JACKSONVILLE, Fla — In Baxley, Ga., families build their homes on the foundations of faith and family values.
Michael and Angela were stunned to learn their 16-year-old son was facing charges of making terroristic threats and acts at his high school.
"He is a good child, an A student," Michael said. "This is not like him."
It happened Aug. 22. According to the incident report, a deputy received a call from the principal of Appling County High. After talking with witnesses, the deputy went to the family's business and detained the teenager.
The Department of Juvenile Justice got involved and he was charged.
First Coast News is not identifying the teenager because of his age, but he spoke with On Your Side.
"I never said that," he said. "They never gave me a chance to talk."
We also spoke with his parents, who believe their child is not getting a fair shake.
"I think the system failed him," Michael said. "They did not do a thorough investigation."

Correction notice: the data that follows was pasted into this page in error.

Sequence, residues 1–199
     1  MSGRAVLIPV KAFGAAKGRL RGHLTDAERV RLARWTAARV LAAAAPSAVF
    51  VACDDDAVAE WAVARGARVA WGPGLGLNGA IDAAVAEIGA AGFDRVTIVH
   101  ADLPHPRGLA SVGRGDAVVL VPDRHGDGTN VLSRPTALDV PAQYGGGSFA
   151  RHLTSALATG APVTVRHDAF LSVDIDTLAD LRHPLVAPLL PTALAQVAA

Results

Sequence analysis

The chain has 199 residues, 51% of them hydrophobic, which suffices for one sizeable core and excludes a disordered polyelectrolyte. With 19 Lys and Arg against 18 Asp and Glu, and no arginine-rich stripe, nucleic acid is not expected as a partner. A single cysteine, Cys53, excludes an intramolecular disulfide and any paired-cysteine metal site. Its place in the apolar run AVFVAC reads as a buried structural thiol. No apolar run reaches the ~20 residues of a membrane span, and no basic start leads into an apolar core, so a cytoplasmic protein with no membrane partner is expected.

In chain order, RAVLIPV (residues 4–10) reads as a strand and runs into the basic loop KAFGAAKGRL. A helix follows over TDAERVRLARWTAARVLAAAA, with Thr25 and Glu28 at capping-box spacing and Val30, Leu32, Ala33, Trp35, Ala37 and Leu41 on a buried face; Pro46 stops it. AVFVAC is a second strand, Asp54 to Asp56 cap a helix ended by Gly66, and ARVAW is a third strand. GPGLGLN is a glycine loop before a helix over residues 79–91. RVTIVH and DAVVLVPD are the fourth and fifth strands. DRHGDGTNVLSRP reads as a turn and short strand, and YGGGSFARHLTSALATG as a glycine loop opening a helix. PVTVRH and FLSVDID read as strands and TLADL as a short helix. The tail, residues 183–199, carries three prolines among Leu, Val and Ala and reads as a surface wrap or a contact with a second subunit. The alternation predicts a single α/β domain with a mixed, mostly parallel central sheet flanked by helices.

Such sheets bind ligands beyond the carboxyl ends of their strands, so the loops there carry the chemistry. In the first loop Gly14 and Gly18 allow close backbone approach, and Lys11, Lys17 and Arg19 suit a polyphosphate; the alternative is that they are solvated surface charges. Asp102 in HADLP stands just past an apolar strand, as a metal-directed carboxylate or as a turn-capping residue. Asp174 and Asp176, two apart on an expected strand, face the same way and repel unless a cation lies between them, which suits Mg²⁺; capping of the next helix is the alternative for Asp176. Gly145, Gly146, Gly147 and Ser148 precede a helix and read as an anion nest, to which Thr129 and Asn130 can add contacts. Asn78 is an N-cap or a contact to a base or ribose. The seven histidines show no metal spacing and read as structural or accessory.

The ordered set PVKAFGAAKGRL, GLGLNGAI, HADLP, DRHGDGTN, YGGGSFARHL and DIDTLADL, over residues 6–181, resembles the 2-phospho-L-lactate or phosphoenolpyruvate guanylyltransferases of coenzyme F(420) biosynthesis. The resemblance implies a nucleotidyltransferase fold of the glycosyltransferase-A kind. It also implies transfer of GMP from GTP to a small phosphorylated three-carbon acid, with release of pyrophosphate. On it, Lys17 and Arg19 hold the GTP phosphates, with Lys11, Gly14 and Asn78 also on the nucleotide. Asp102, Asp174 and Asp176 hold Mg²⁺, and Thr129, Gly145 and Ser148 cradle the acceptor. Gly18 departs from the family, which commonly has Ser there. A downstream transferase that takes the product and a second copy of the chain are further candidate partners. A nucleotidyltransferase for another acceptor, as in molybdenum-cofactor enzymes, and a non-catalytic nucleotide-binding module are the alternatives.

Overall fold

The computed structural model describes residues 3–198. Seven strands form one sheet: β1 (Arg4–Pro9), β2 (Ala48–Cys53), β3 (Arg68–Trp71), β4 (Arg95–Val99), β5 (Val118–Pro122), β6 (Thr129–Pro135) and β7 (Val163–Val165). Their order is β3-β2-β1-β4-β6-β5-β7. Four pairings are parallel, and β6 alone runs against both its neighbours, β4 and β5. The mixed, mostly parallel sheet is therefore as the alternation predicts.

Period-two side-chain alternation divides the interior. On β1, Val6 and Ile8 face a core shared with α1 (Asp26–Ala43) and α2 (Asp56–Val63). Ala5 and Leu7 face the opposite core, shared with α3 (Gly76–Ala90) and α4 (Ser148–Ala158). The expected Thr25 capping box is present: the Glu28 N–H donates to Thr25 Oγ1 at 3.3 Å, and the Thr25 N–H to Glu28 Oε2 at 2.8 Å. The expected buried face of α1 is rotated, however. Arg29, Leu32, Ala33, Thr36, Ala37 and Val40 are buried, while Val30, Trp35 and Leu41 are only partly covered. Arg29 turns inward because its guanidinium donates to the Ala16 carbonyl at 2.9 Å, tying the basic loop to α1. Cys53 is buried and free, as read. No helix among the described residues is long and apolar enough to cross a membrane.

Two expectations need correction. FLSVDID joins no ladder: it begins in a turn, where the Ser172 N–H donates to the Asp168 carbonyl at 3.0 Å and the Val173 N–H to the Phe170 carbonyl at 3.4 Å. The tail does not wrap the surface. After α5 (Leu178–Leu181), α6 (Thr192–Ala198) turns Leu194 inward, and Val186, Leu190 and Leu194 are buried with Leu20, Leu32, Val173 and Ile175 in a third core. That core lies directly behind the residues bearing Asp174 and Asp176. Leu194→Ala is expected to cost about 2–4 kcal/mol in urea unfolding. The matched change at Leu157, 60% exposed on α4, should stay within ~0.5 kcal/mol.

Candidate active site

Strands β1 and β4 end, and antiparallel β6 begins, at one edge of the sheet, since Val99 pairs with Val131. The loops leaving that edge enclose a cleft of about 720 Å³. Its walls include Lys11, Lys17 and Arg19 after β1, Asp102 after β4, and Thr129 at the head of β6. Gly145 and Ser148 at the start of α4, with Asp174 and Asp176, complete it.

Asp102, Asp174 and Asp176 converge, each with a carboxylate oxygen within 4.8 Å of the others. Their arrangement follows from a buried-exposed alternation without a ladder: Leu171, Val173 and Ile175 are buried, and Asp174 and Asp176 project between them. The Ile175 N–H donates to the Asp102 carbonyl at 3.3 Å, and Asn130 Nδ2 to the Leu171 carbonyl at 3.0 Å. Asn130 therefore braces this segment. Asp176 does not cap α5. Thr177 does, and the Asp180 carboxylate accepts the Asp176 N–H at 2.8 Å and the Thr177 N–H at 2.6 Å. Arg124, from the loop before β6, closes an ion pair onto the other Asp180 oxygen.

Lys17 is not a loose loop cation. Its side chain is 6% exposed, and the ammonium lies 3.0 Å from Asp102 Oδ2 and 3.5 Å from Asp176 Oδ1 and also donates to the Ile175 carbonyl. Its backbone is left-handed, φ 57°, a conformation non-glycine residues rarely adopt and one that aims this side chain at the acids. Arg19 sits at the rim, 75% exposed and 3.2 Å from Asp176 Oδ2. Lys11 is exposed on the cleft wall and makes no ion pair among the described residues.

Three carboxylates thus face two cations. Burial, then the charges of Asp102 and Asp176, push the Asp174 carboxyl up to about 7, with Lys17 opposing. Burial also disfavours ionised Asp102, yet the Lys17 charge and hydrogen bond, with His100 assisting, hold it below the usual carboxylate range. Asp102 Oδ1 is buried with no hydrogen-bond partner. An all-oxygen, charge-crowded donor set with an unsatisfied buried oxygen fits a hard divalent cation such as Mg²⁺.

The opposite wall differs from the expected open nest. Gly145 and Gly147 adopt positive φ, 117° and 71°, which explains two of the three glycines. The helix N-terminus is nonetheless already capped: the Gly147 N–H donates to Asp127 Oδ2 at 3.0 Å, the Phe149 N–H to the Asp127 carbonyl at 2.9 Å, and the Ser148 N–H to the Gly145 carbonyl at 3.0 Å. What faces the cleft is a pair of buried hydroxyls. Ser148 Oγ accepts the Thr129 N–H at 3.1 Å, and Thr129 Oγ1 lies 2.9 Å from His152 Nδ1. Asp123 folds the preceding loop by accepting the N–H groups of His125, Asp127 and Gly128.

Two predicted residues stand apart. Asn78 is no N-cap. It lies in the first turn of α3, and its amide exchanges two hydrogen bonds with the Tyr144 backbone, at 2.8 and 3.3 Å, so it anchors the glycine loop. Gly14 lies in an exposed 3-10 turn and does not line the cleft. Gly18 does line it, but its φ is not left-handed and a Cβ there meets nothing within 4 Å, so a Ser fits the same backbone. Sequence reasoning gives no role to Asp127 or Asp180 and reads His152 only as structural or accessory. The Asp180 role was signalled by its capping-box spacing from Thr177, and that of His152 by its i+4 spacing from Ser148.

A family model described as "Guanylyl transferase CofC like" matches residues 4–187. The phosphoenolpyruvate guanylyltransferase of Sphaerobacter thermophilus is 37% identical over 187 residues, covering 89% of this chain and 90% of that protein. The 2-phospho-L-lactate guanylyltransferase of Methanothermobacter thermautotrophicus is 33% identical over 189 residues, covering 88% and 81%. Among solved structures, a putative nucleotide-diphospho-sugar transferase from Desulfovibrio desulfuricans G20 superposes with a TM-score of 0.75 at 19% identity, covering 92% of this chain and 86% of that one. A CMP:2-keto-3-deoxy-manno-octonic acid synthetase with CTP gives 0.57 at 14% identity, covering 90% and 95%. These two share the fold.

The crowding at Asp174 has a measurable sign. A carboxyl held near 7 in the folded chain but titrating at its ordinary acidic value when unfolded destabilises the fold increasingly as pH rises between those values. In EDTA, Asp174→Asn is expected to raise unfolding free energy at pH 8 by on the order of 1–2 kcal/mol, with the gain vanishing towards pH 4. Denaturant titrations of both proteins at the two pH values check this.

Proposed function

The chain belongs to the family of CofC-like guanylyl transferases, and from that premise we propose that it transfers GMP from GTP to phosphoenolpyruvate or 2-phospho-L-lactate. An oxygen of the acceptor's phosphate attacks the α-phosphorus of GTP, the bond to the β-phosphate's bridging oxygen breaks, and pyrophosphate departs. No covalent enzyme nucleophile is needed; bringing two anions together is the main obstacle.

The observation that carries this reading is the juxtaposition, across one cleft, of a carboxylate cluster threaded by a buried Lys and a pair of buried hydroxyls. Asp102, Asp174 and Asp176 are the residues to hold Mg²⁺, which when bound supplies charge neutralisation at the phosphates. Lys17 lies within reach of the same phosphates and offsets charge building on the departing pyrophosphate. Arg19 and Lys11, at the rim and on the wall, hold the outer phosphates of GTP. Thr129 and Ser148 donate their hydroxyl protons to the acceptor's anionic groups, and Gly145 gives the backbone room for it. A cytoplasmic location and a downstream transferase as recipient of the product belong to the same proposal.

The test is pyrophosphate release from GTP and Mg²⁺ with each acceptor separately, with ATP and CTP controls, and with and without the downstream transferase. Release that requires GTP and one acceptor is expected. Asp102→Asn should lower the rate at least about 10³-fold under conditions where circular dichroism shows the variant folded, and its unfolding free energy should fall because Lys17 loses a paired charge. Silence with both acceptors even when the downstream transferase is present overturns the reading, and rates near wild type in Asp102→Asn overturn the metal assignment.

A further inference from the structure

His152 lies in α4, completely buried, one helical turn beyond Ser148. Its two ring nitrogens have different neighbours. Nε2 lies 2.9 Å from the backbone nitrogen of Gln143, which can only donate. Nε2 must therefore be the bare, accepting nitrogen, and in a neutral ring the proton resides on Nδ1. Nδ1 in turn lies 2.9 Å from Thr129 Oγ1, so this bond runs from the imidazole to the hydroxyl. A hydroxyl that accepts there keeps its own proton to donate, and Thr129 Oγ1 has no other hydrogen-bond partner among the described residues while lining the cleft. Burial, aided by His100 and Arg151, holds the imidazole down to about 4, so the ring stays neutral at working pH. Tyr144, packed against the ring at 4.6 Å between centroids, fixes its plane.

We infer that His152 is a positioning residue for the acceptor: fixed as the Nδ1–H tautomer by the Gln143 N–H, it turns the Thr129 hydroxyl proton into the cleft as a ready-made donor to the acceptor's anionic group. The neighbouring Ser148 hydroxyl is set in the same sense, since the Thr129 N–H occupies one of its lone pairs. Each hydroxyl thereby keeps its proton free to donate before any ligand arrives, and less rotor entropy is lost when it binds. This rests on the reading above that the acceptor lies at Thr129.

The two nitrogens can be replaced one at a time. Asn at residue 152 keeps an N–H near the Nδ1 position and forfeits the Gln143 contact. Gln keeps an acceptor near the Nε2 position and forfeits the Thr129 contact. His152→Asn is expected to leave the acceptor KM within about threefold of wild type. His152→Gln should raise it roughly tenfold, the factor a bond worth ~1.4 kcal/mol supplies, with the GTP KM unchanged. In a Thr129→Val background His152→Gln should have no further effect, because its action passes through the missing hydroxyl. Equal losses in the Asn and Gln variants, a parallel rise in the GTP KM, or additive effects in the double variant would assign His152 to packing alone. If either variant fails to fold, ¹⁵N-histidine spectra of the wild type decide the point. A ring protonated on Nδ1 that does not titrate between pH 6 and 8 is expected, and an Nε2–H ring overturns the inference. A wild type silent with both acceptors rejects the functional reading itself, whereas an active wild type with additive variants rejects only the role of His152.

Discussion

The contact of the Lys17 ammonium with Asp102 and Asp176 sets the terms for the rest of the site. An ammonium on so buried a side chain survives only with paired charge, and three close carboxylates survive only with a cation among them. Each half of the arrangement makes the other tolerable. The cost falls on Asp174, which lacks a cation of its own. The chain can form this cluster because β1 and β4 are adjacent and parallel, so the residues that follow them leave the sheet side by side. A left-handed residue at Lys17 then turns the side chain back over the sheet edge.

The charges were made after talking to other students who were in his classroom. In one statement, a student wrote, "We were all joking around."
His mother said the tenth grader had been bullied from the start of the school year and she also believes his race may be a factor in what he is now experiencing.
"Some of the bullying going is with the calling him out of his name," Angela said. "He doesn't think it is right and I don't either."
On Your Side reached out to school superintendent Dr. Scarlett Copeland by phone and email. We are still waiting on a response.
The teenager and his family are waiting for their day in court to learn his fate.
"I do not want to go back to Claxton Juvenile Detention," he said.
His parents are hoping the court will give him a second chance.
"I am hoping for him to get justice," Angela said.
If not they said they are prepared to appeal.
As adults, they understand that "words matter." Even so, they are convinced that this is an overreaction.
But the headline in the Baxley News-Banner perhaps sums it all up. The headline based on comments from local officials read, "No such thing as too cautious."